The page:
Migrant workers have started returning to Cambodia as Thai-Cambodian border checkpoints reopened Thursday and Friday, following a two-week shutdown to slow the spread of the highly contagious Delta variant of COVID-19.
During the past two weeks, hundreds of Cambodians have arrived at the locked border, amid worksite closures in Thailand, and in fear of the virus, which has surged in recent weeks.
On Friday, 60 Cambodian migrant workers returned through O’Smach checkpoint on Oddar Meanchey, according to Dy Rado, provincial deputy governor and spokesman. The group was tested and sent to quarantine before returning home. One tested positive for COVID-19, said Rado, though they do not yet know if it is the Delta variant.
Rado told CamboJA that the provincial government has been preparing for an influx of returnees.
“The provincial administration has set up two new quarantine sites that can hold 6,000 people and one mild treatment center which can receive 2,500 patients,” said Rado.
Sek Sokhom, director of Banteay Meanchey provincial information department, said that the border between Banteay Meanchey and Thailand’s Sa Kaeo province was reopened on August 12 in order to receive Cambodian migrant workers who had been stuck in Thailand during the closure. Sokhom said around 600 migrant workers returned as of Friday morning, 30 of whom tested positive for COVID-19.
“They are all doing quarantine now and being treated at quarantine sites. Most of these migrant workers have not yet been vaccinated, so there is a high chance that they possibly could get the virus,” said Sokhom.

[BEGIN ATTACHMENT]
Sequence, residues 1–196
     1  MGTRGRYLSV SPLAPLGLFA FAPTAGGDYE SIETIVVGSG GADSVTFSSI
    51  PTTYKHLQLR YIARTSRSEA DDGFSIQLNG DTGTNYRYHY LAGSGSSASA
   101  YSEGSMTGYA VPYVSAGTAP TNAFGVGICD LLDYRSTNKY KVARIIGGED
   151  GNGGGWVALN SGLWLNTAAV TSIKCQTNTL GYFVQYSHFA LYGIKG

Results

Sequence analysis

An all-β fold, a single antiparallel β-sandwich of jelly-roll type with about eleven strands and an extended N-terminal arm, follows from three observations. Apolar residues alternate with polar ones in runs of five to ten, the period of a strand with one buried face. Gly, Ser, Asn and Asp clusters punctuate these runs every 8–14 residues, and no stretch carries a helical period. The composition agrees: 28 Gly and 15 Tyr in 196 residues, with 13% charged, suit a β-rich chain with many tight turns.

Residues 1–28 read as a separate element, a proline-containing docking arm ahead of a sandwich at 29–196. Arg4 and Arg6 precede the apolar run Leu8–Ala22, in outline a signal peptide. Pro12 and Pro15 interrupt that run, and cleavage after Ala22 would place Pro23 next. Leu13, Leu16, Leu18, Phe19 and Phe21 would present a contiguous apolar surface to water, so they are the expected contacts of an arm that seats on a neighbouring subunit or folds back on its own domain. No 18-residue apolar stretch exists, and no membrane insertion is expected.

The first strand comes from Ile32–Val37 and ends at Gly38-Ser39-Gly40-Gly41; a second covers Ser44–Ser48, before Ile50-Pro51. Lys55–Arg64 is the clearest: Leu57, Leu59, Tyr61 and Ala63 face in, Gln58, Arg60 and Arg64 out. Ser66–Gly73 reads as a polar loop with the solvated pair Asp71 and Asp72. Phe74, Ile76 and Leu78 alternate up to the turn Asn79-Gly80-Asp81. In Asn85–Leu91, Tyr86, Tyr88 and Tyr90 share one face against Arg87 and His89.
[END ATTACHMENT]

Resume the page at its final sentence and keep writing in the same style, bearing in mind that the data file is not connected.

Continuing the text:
Sokhom said they have been able to handle the influx so far but if more than 1000 migrant workers return in a single day it may be difficult for the provincial government to cover their daily food, accommodations, and treatment. He said if the numbers go too high, the returning migrant workers will be quarantined locally for just seven days before being sent to their home province, where they will quarantine for another 7-14 days.
“All migrant workers should cross the border into Cambodia legally so that they can get basic support, treatment, and stop the spread [of COVID] into the communities,” said Sok Sokhom.
Roeun Sothy, deputy director of Banteay Meanchey provincial health department, said he does not have total figures for the province but noted that Boeng Trakuon checkpoint alone saw 332 Cambodian migrant workers return in just one day.
An estimated 200,000 Cambodian migrant workers in total have returned home since the start of the pandemic in 2020, according to a July UN report.
Moeun Tola, executive director at Central, said that reopening the border to receive Cambodian migrant workers back into the country is a good solution to prevent them getting stuck in Thailand. He said many were likely to try and return illegally if the border stayed closed, making it harder to prevent the spread of COVID.
“But I think the local authorities at the border province have not prepared well to get those migrants back due to the shortage of framework and technical capacities,” said Tola.
Loeng Sophon, a Thailand-based project officer for Cambodian labor rights group Central, said most Cambodian migrant workers want to return home given the situation in Thailand. He said some of them have contracted the virus but have not received treatment.
“Some Cambodian migrants especially undocumented workers are rejected from receiving medical treatment properly as the hospital is overwhelmed with the patient,” said Sophon.